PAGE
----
This tiny camera can show the world from a bug’s point of view | Science

To save energy, many insects swivel their head—instead of their entire body—to scan the world around them. Researchers have now replicated this with a tiny camera with a one-of-a-kind arm they can maneuver from a smartphone. The total system weighs just 248 milligrams—less than a dollar bill.

When strapped onto a beetle’s back, the camera can stream video in close to real time. It can also pivot to provide a panoramic view from the beetle’s perspective (as seen in this video). What’s more, when the camera was mounted onto an insect-size robot, the bot used up to 84 times less energy by moving the arm of the camera instead of its entire body.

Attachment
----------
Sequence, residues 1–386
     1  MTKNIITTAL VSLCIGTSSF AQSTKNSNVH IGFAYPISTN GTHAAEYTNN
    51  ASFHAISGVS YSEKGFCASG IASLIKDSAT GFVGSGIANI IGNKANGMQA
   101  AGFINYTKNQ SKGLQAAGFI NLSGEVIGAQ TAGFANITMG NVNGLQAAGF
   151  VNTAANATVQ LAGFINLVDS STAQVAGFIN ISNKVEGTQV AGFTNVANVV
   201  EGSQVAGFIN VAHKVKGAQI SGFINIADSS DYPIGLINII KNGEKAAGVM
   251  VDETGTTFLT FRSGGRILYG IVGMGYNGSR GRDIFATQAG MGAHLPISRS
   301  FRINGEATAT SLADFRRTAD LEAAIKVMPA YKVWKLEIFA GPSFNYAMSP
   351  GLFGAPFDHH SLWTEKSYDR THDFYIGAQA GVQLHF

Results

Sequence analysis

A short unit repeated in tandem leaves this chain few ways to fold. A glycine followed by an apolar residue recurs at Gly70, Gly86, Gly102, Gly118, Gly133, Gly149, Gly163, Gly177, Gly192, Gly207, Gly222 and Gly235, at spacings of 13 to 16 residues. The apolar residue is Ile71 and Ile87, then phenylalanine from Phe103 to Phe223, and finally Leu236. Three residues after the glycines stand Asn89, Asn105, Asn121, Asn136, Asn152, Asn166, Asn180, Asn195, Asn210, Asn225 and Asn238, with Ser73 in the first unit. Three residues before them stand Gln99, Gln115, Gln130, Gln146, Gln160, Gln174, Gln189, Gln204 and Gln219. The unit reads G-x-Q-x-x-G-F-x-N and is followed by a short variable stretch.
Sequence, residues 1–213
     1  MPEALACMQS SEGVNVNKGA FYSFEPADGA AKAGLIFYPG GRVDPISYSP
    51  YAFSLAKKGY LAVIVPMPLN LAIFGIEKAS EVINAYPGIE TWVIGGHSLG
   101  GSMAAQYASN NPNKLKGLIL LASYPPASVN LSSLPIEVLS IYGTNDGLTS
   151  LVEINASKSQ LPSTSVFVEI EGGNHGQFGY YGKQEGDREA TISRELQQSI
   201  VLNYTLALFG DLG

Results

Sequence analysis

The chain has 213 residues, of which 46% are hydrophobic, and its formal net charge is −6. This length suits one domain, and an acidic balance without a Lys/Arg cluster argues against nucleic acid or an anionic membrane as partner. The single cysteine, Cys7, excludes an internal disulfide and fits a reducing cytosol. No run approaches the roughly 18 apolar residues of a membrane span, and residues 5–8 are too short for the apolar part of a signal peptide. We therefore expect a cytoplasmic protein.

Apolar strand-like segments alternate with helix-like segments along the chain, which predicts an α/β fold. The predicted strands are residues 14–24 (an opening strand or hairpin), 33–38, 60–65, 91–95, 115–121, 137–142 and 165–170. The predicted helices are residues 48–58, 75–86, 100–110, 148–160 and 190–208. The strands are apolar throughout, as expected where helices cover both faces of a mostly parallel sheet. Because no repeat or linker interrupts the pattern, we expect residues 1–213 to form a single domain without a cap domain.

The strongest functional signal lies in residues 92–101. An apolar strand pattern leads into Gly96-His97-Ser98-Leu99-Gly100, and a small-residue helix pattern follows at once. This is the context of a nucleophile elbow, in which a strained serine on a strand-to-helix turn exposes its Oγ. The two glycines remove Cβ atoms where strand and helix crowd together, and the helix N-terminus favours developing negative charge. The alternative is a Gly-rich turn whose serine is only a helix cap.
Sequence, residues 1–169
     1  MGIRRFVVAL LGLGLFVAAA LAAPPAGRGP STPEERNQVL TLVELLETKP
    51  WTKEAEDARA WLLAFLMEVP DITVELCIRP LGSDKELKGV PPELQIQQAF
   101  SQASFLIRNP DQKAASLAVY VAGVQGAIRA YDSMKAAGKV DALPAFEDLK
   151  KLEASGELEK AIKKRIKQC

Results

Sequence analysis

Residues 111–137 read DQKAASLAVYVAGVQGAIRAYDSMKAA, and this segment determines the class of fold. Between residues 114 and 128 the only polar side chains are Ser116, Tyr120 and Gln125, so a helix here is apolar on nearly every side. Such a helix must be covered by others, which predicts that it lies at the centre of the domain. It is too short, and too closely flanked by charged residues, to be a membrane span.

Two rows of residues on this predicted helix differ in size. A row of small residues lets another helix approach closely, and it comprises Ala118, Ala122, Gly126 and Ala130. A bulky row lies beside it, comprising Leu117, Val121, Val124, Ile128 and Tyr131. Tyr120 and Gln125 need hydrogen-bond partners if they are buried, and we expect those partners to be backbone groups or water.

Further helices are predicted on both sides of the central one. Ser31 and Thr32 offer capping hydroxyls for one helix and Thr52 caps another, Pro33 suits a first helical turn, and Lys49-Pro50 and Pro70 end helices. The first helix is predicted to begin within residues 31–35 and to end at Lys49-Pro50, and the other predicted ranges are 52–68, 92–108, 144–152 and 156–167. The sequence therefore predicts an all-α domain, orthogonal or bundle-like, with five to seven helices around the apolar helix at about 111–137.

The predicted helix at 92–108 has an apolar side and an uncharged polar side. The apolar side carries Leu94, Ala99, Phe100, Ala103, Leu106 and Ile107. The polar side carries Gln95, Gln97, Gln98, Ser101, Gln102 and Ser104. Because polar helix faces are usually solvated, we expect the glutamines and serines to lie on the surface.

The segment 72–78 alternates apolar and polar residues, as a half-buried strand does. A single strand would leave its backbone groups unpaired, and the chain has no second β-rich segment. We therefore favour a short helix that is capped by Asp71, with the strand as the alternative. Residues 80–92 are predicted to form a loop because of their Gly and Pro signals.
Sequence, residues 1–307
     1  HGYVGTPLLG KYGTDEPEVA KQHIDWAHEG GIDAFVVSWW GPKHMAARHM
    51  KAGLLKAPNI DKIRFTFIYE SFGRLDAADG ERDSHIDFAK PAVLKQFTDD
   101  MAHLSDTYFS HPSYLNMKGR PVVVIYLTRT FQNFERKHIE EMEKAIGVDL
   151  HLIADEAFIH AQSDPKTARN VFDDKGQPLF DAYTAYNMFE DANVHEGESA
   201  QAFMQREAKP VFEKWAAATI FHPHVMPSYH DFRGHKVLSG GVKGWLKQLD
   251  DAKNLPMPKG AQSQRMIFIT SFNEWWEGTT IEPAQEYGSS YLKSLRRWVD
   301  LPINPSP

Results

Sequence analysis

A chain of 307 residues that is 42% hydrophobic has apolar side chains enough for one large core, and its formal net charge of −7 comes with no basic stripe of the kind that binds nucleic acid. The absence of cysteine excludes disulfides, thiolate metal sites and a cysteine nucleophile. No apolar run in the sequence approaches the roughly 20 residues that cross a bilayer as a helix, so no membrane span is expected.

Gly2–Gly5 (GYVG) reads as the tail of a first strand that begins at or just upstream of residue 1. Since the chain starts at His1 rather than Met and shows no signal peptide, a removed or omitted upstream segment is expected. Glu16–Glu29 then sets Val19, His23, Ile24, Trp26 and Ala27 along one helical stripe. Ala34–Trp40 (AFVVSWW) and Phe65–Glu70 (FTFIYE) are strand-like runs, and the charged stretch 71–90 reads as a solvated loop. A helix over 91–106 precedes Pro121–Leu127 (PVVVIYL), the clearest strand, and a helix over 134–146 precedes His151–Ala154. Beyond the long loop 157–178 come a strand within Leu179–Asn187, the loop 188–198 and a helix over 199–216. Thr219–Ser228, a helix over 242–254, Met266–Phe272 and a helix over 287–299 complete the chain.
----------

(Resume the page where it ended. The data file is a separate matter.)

The technology is one of the smallest, self-powering vision systems to date, researchers report this month in Science Robotics. In the future, scientists could use these tiny cams to gain insight into the habits of insects outside the lab.


Next Post

Can the Census Bureau actually meet Trump’s demand to count noncitizens? | Science

Tue Jul 28 , 2020
Immigrant advocacy groups have been encouraging hard-to-reach populations to participate in the 2020 census. Here, a volunteer knocks on a door in Maryland. Marvin Joseph/The Washington Post via Getty Images By Jeffrey MervisJul. 28, 2020 , 11:25 AM The U.S. courts and Congress might be the ultimate arbiters of the […]